Pivoting used skillfully

It can happen that an original business model fails for various reasons. In such a situation, a well-considered change of strategy is required to get a young company back on the road to success. But that is easier said than done. What can a start-up do to escape defeat and remain competitive? Pivoting proves to be the optimal solution. We briefly explain what is behind this term and what is important.

How is pivoting defined?

The term pivoting (also called pivot) in a business context means a substantial change in the business model. A start-up usually decides to take this step oraction when it notices that its previous business model is no longer working. The reasons for this can be very different:

  • The demand for one’s own offering is falling or not existing.
  • Crises and new market conditions make a radical change of direction necessary.
  • The competition introduces innovations.

From a strategic point of view, a pivot can be seen not only as a way out of a difficult situation, but also as an opportunity. In the startup world, it is often used to move forward and ensure economic success. If a business idea turns out to be unsuitable for the market, this is a clear sign that it should be optimized accordingly or discarded entirely. Many companies, including Apple and Instagram, have chosen to radically change the business model. In doing so, they laid the foundation for their success stories.

Pivoting and lean startup

Pivoting is ideologically linked to the lean startup method developed by Eric Ries. This has changed the way startups develop their products and services in the early stages. The idea behind the lean startup is to bring the own offer to market as quickly as possible and to measure its success. Thanks to this approach, young companies can recognize changes in the market in good time and – if necessary – make relevant adjustments.

Particularly in difficult economic times, startups need to be extremely flexible and able to react effectively to crises. Otherwise they risk losses and run the risk of going bankrupt. The lean startup method, which feels bound to lean ways of thinking and principles, provides for permanent pivoting. The aim is to draw conclusions from the long-term customer feedback in order to initiate a change of direction. A pivot can take different forms.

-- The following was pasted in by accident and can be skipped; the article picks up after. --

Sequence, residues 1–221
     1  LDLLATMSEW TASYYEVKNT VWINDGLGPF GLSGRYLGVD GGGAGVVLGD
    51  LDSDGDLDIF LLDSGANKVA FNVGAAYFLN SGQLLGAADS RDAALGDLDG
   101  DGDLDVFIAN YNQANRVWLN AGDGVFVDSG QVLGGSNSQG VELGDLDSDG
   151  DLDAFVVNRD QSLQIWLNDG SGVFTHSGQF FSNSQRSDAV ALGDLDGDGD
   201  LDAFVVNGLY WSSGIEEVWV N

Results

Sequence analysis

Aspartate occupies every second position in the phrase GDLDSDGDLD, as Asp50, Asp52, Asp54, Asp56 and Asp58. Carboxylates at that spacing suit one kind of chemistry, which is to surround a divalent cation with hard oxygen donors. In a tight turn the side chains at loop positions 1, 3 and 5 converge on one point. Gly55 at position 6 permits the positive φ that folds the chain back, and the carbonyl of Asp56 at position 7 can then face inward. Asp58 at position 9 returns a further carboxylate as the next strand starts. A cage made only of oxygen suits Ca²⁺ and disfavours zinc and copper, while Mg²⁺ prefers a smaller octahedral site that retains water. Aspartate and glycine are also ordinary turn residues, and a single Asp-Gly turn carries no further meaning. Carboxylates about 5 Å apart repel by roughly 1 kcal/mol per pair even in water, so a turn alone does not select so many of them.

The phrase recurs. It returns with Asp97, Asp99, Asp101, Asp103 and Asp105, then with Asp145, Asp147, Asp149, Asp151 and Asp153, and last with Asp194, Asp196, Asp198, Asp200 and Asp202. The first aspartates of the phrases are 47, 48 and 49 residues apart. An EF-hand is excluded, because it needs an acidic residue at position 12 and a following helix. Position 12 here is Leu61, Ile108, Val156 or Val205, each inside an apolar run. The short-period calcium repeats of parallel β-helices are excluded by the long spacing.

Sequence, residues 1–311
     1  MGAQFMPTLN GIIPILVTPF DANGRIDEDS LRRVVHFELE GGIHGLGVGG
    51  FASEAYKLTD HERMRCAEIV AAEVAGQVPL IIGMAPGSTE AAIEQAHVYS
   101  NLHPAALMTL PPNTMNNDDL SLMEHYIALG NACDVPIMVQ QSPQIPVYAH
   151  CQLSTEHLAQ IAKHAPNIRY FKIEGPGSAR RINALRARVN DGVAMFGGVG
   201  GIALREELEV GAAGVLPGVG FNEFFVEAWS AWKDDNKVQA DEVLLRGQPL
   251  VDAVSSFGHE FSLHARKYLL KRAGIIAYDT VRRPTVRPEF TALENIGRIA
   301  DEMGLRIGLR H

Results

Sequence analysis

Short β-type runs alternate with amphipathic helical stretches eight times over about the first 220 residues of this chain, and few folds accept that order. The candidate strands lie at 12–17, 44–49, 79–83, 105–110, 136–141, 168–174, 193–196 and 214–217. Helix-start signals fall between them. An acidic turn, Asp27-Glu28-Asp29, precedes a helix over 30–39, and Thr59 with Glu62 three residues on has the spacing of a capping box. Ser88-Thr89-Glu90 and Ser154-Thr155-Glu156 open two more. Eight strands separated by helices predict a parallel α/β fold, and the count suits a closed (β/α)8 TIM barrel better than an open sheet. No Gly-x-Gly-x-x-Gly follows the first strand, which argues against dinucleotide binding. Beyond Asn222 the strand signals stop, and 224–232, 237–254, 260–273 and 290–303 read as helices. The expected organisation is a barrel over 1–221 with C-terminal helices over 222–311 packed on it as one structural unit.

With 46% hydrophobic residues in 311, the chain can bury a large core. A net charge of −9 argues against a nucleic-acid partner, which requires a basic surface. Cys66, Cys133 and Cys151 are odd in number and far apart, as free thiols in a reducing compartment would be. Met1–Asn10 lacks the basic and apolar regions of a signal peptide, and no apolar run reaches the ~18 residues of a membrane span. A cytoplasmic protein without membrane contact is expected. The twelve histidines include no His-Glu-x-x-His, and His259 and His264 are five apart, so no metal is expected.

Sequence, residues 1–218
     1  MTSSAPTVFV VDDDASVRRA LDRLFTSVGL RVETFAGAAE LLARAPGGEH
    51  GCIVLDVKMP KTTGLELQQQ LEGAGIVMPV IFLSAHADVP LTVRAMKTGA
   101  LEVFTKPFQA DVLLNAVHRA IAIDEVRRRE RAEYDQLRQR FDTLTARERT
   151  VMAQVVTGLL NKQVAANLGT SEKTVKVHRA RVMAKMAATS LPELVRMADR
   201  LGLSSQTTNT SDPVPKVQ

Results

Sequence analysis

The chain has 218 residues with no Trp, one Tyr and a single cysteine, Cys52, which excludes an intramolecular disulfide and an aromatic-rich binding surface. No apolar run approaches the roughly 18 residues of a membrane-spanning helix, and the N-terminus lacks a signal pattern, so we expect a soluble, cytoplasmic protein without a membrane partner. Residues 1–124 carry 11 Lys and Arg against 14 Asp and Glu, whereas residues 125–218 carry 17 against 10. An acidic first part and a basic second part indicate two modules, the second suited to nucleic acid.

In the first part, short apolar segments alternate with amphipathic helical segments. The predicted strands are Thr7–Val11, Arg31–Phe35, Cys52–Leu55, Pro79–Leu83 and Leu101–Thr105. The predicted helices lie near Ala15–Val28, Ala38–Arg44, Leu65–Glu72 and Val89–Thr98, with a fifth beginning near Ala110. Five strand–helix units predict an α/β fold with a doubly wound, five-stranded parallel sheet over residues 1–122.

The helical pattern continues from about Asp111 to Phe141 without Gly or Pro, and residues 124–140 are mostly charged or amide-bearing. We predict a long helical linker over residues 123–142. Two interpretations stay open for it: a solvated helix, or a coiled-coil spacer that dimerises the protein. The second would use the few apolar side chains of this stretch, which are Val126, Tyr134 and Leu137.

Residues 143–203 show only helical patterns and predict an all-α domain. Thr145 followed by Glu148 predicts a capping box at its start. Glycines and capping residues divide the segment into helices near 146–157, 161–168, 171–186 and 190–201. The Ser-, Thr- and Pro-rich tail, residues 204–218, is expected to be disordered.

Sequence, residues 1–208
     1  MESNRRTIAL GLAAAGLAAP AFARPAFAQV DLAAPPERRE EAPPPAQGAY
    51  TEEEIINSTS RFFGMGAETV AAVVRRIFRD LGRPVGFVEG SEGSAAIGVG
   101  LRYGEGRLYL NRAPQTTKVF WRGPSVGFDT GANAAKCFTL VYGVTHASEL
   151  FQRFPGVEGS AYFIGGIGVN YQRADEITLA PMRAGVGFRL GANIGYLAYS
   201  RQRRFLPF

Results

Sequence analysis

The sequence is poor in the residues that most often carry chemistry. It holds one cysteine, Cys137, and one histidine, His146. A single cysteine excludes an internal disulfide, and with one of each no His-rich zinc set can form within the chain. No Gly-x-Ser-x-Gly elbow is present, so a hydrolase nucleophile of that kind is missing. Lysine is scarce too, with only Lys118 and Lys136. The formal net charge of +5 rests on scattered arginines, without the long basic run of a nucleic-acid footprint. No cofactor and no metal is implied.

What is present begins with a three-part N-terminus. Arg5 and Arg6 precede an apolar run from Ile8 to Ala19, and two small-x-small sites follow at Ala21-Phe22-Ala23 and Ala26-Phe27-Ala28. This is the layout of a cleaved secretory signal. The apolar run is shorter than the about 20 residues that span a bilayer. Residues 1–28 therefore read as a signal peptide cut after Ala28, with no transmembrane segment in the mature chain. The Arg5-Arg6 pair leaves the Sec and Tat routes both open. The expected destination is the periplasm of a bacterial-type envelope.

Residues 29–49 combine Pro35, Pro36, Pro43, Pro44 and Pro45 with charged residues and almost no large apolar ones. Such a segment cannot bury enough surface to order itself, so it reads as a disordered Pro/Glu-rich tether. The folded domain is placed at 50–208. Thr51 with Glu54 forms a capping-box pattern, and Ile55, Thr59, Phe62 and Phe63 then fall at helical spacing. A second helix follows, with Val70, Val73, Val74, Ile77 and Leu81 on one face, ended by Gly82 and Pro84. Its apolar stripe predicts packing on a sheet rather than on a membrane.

The main types of pivot

  • Zoom-in-Pivot: In this case, the focus is on a specific feature of the original product, which is now the product.
  • Zoom-out Pivot: This is where the generalization of the product occurs by using the original product as a feature.
  • Customer segment pivot: The main change is that the same product is aimed at a different target group.
  • Customer-Need-Pivot: The primary goal of this change is to reach the same target group with a different product.
  • Business Architecture Pivot: In this context, a start-up decides to switch from B2C to B2B and vice versa.
  • Business Model Pivot: Depending on the current situation, a young company changes its pricing model or repositioning it.
  • Technology pivot: In this regard, there is a fundamental change in technology that is relevant for internal company processes.

4 important success factors

There is no doubt that a business model should always remain agile and flexible. This is the only way to ensure that it can be adapted to new circumstances if necessary. However, the agility and flexibility mentioned do not mean that a start-up tries out new business models as the mood takes it. Rather, pivoting is about acting carefully. The idea behind this is that a young company should operate more successfully in the market than before. The following factors are decisive:

  • Customer feedback: As already indicated, customer opinions and reviews are very important for young companies in the early phase in order to recognize their development potential. Constant customer feedback is the be-all and end-all.
  • Sunk Costs: Some startups tend to consider sunk costs when deciding on a pivot. This is not a good thing because when you change direction, only future income and costs count.
  • High transparency: A pivot requires an open and respectful corporate culture. This is expressed in the fact that a start-up speaks openly and honestly about the change of direction with its staff and investors.
  • Consistent management: A pivot goes in line with far-reaching changes at company level. Consistent management ensures that the transformation of this type is successfully implemented.

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